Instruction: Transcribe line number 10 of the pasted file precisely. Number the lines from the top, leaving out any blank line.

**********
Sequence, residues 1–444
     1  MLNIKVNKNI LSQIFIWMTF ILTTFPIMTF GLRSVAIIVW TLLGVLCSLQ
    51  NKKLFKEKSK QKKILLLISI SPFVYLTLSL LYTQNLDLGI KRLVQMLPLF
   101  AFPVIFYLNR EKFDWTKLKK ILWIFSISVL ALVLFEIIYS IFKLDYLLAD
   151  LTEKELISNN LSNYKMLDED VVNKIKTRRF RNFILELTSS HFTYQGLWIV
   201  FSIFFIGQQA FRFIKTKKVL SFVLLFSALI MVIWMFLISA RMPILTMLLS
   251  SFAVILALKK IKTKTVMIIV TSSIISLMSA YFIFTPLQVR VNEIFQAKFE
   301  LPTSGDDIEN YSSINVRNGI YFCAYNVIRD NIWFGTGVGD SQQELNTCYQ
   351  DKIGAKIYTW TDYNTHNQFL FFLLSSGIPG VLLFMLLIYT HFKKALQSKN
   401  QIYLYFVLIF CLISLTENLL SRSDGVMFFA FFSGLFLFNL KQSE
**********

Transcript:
   401  QIYLYFVLIF CLISLTENLL SRSDGVMFFA FFSGLFLFNL KQSE